125 A Nanda became serene, a Manastabdha humble,
126 Delighted with the flavor of your teaching,
127 Because you knew time and temperaments,
128 Having first scrubbed clean the garment of the mind
129 There is no expedient or opportunity
130 To train people in different situations,
131 They were pure and friendly, honored and praised,
132 Difficult it is to speak well and then do good.
133 By your purity alone you could have cleansed the whole universe.
134 You rose up for the welfare of all beings
135 I know not how to repay you
136 Established in the Dharma by you,
137 You look upon those who slumber and gently awaken them.
138 You have declared the destruction of the defilements,
139 Those who work for the welfare of the world
140 If your good qualities could be given to others,
141 Out of compassion for the world
142 Many personal converts have you trained, Subhadra being the last.
143 Powdering your bones into tiny pieces
144 "My Dharma body and my physical body both exist
145 Having given your entire Dharma body to the virtuous,
146 What steadfastness! What conduct!
147 Yet even to you whose speech and actions are so helpful
148 O ocean of good, treasury of gems,
149 Your virtues are limitless
150 Only you can measure your own qualities
151 I have hardly begun to sing your praise
152 Through the merit arising from my good deed,
All references to the Pali Nikayas are to volume and page number of the Pali Text Society editions.
 A. K. Warder, Indian Kavya Literature (Delhi, 1974), Vol. II, Chapter 7, contains a detailed and informative analysis of the style, contents and alliterations in Matrceta's works and of their place in the Indian Kavya tradition.
 D. R. Shackleton-Bailey, The Satapañcasatka of Matrceta (Cambridge, 1951).
 Indian Kavya Literature, Vol. II, p.234.
 Lama Chimpa and Alaka Chattopadhayaya, Taranatha's History of Buddhism in India (Calcutta, 1980), Chapter 18.
 Majjhima Nikaya, II:387.
 Ratnavali 5.
 Majjhima Nikaya, II:115.
 Edward Conze, Buddhist Texts Through the Ages (New York, 1954).
 Here and in verses 13, 17 and 18 reference is to the Buddha sacrificing his life in former births as recounted in the Jataka Stories.
 A mixture of truth and falsehood, useful and useless.
 It is said to take a bodhisattva at least three incalculable aeons to attain full enlightenment. See Har Dayal, The Bodhisattva Doctrine in Buddhist Sanskrit Literature (London, 1932).
 Atmasamtane: literally, "the flow (of consciousness) that makes up the self." Pali, cittasantati.
 Mara: evil personified, the Tempter in Buddhism.
 Arahant: literally, a saint. Tirthika: an adherent of a non-Buddhist sect
 Tathagata: An epithet of the Buddha meaning the "Thus Come One" or the "Thus Gone One." The thirty-two major marks and the eighty minor signs are special features of a Buddha's physical body.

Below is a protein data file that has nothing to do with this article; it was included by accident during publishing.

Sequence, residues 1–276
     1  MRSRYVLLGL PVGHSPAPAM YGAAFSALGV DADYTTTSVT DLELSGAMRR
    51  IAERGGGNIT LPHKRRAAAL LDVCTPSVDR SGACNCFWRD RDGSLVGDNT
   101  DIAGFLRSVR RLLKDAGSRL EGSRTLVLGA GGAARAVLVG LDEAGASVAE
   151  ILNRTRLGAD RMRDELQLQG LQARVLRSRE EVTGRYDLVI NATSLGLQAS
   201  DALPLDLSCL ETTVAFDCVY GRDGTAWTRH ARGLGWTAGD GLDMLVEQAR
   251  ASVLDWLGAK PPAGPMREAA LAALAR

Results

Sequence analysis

Samsara: the beginningless round of birth and death.
 In one of his former lives the Buddha was born as a musician and used his skills to convert the gods. See Guttila Jataka.
 On the ten psychic powers, see Nyanatiloka, Buddhist Dictionary (Colombo, 1972) under Iddhi. The "lion's roar" is the Buddha's bold and confident claim to enlightenment. The meaning of this verse is that compassion, the nugget is the most important thing while the powers, etc., "the glitter," are just a by-product of that compassion.
 Here and in verses 65 and 66 compassion is personified as one who acts for the sake of others even to the extent of causing discomfort to the Buddha.
 The taste of liberation (vimuttirasa) -- Udana 56.
 The ancient Indians believed that nectar fell from the moon.
 The garuda is a mythological bird, the natural enemy of the serpent.
 Sakra is the king of the gods in Vedic mythology. He has a scepter of unbreakable hardness.
 Ekayanam: literally, the one way, thus "the true path."
 Namuci: another name for Mara.
 The triple world: the world of desire, the world of form and the formless world. See Buddhist Dictionary under Loka.
 For the notion that those who have mastered the teaching can live for an aeon, see Digha Nikaya, II: 103,118.
 The "two worlds" are the world of gods and the world of humans.
 The pairs of opposites are praise and blame, cold and heat, sickness and health, ease and discomfort, etc.
 Buddhadharmata. See Encyclopedia of Buddhism, Vol. III (Colombo, 1973), p.435.
 For a description of the hardships and simplicity of the Buddha's life similar to those mentioned here, see Anguttara Nikaya, 1:34.
 Nanda was so distracted by sensual thoughts that he was unable to meditate -- Udana 21. Manastabdha was so proud that he would not even respect his parents -- Samyutta Nikaya, I:177. Angulimala was a terrible murderer -- Majjhima Nikaya, II: 98-103. All were skillfully transformed by the Buddha.
 Devadatta was the Buddha's evil cousin who caused a schism in the monastic community and even tried to kill the Buddha.
 Shackleton-Bailey includes, prior to this verse, a verse of which he notes that its grammatical peculiarities and exclusion from early texts are "sufficiently strong grounds for doubting its authenticity." I have therefore decided to omit it.
 As he lay on his death-bed the Buddha taught and made a disciple of Subhadra. See Digha Nikaya, II:149, 153.
 Here and in verse 145 the Buddha's teaching or Dharma body, which lasts as long as people understand and practice his teachings, is compared with his physical body which disintegrates at death. See I.B. Horner's discussion on dhammakaya in Milinda's Questions (London, 1963), p:xl
Matrceta's Hymn to the Buddha
The Wheel Publication No. 360/361
Copyright © 1989 Ven. S. Dhammika
For free distribution only.
Buddhist Publication Society • P.O. Box 61
This edition was transcribed from the print edition in 1995 by Jane Yudelman under the auspices of the DharmaNet Dharma Book Transcription Project, with the kind permission of the Buddhist Publication Society.